Share this post


Link to post
Share on other sites
Is anyone looking at my code? I am already doing the thing mhagain is doing (sorta). Edited by Wilds

Share this post


Link to post
Share on other sites

For your method: you aren't using a skybox, you are using a backdrop. Because of the fact you never rotate the box. That is the only reason you need to pass the modelview inverse and what not.

Secondly: Why use a stencil map in your method? Since you are using only 1 face of the cubemap (a backdrop plane). Why don't u just translate it to the end of the farplane and get rid of stencil operations completely and just use depth testing?

I wouldn't say that is the proper way. You are doing extra work to generate the same texture coordinates as this guy is with a static cube that gets rotated. And needing to pass extra data and perform extra operations with the inverse. Typically that method is more for a cube mapped object in the world.

here's a trick: since we don't transform the cube it will always stay at (0, 0, 0) therefore wherever you go, it stays with you

All you need to do to get that trick without using the inverse is just don't pass the translation portion of the camera matrix and just the rotation.
[/quote]
well you'd do stenciling anyways for lighting, so it may come handy. you'd use more than one face of the cube, because of perspectivity, but it's true that if you render it to the back of your frustum than it's the same. I don't think that's extra work. it's 1 matrix mul vs 1 matrix mul... (plus only 1 matrix gets passed, vs 1 matrix passed, that is the same amount of data passed :) )

Share this post


Link to post
Share on other sites
what i can conclude is that it only picks the front texture, the +Z, I concluded this by making each part of the cubemap a different color.

I have added a link to my executable! please tell me the results.
Windows only: download Edited by Wilds

Share this post


Link to post
Share on other sites

The cube coordinates are not affected by the transformation as the shader gets the untransformed object space vertices from the VBO.


gl_Position shouldn't be translated either to keep the cube centered on the camera. Try Ignifex' suggestion and use Mat4 combined = mCamera->GetProjection() * mCamera->GetView(); without the translation part.

Share this post


Link to post
Share on other sites
I translate the cube's position to the camera's to keep it's position at the center of the camera.
I tried what you suggested, the translation of the position shouldn't affect texture coords, only which textures I am seeing based on the cube's orientation.

Share this post


Link to post
Share on other sites
Ah, that clears up your idea behind the code there and your method should work.
Honestly though, there are only a few things that can still go wrong:
- mCamera->getView() does not handle rotation, although I am sure you use it in other parts of your code as well.
- The translation you apply to move the cube toward the camera is wrong. Why the scale 85?
For the above two, the obvious thing to try is to render your texture coordinates as RGB and see what you get.
Although unlikely:
- Your binding of the cube map faces is still wrong. Could you set your uniform samplerCube cubeMap to 0, just to be safe?

Share this post


Link to post
Share on other sites
Thanks for your comment I tried visually debugging the skybox, it seems the texture coordinate passed is 0,0,0 the faces are all black!

- mCamera->getView() does not handle rotation, although I am sure you use it in other parts of your code as well.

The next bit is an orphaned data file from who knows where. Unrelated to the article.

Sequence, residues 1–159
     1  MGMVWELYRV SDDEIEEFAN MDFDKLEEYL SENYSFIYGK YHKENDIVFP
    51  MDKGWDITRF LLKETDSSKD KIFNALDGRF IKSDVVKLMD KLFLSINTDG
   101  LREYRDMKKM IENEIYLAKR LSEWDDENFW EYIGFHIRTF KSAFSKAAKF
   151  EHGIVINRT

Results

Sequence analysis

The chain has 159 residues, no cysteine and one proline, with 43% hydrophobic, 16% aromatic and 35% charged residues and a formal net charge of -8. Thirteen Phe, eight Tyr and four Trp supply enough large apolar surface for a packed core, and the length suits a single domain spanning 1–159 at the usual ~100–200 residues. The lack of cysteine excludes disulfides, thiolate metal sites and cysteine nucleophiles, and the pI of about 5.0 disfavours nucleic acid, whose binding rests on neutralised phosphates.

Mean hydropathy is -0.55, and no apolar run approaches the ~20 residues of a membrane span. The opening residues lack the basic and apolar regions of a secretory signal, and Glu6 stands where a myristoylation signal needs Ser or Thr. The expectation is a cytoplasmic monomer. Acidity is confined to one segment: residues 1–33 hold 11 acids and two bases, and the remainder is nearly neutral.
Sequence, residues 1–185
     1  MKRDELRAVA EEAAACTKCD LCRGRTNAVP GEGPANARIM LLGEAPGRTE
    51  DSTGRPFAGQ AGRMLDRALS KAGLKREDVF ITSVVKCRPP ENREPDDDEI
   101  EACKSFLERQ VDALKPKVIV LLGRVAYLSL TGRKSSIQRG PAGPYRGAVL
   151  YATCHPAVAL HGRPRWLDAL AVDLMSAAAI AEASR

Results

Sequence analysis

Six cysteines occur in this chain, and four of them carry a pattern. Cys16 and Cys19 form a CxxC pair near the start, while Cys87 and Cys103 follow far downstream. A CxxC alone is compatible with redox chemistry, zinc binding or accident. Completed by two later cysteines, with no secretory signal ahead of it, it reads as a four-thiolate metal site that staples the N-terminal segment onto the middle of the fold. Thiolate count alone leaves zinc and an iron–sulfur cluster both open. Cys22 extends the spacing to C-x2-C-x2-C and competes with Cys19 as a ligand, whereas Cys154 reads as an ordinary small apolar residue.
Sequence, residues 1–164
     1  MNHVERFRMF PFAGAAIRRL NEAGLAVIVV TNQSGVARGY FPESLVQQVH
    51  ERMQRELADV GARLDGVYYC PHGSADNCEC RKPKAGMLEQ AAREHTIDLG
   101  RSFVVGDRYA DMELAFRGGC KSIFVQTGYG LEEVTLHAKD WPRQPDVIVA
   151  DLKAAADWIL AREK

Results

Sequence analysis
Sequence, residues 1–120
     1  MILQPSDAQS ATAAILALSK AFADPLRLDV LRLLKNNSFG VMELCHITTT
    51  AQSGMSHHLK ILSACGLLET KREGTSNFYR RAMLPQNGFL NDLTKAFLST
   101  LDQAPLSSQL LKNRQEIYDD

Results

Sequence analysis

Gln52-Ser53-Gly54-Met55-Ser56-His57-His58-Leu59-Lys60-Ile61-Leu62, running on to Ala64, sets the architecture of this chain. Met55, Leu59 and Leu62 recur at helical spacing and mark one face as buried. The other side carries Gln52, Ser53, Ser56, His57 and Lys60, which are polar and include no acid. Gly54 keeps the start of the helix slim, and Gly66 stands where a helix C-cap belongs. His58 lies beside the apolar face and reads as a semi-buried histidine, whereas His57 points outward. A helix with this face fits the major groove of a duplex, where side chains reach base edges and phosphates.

It handles rotation as it is the inverse of the camera's world matrice.

- The translation you apply to move the cube toward the camera is wrong. Why the scale 85?
This one is also correct, the 85 scale is just a test value.

For the above two, the obvious thing to try is to render your texture coordinates as RGB and see what you get.
Although unlikely:
- Your binding of the cube map faces is still wrong. Could you set your uniform samplerCube cubeMap to 0, just to be safe?
Could you tell me how I do this, as just putting 0 behind uniform samplerCube tex is not working.

Share this post


Link to post
Share on other sites
Oke I solved it! thanks everyone, especially Ignifex, your tip about visually debugging helped me alot!
Good learning lesson, always name the input of the fragment shader the same as the output of the vertex shader!

The problem:
In the shaders i named the linking output and input of the vertex to fragment shaders differently.

Wrong
out vec3 outUV; // inside vertex shader
in vec3 UV; // inside fragment shader

Good:
out vec3 UV; // inside vertex shader
in Vec3 UV; // inside fragment shader Edited by Wilds

Share this post


Link to post
Share on other sites
Sign in to follow this  

  • Advertisement
  • Advertisement
  • Popular Tags

  • Advertisement
  • Popular Now

  • Similar Content

    • By reenigne
      For those that don't know me. I am the individual who's two videos are listed here under setup for https://wiki.libsdl.org/Tutorials
      I also run grhmedia.com where I host the projects and code for the tutorials I have online.
      Recently, I received a notice from youtube they will be implementing their new policy in protecting video content as of which I won't be monetized till I meat there required number of viewers and views each month.

      Frankly, I'm pretty sick of youtube. I put up a video and someone else learns from it and puts up another video and because of the way youtube does their placement they end up with more views.
      Even guys that clearly post false information such as one individual who said GLEW 2.0 was broken because he didn't know how to compile it. He in short didn't know how to modify the script he used because he didn't understand make files and how the requirements of the compiler and library changes needed some different flags.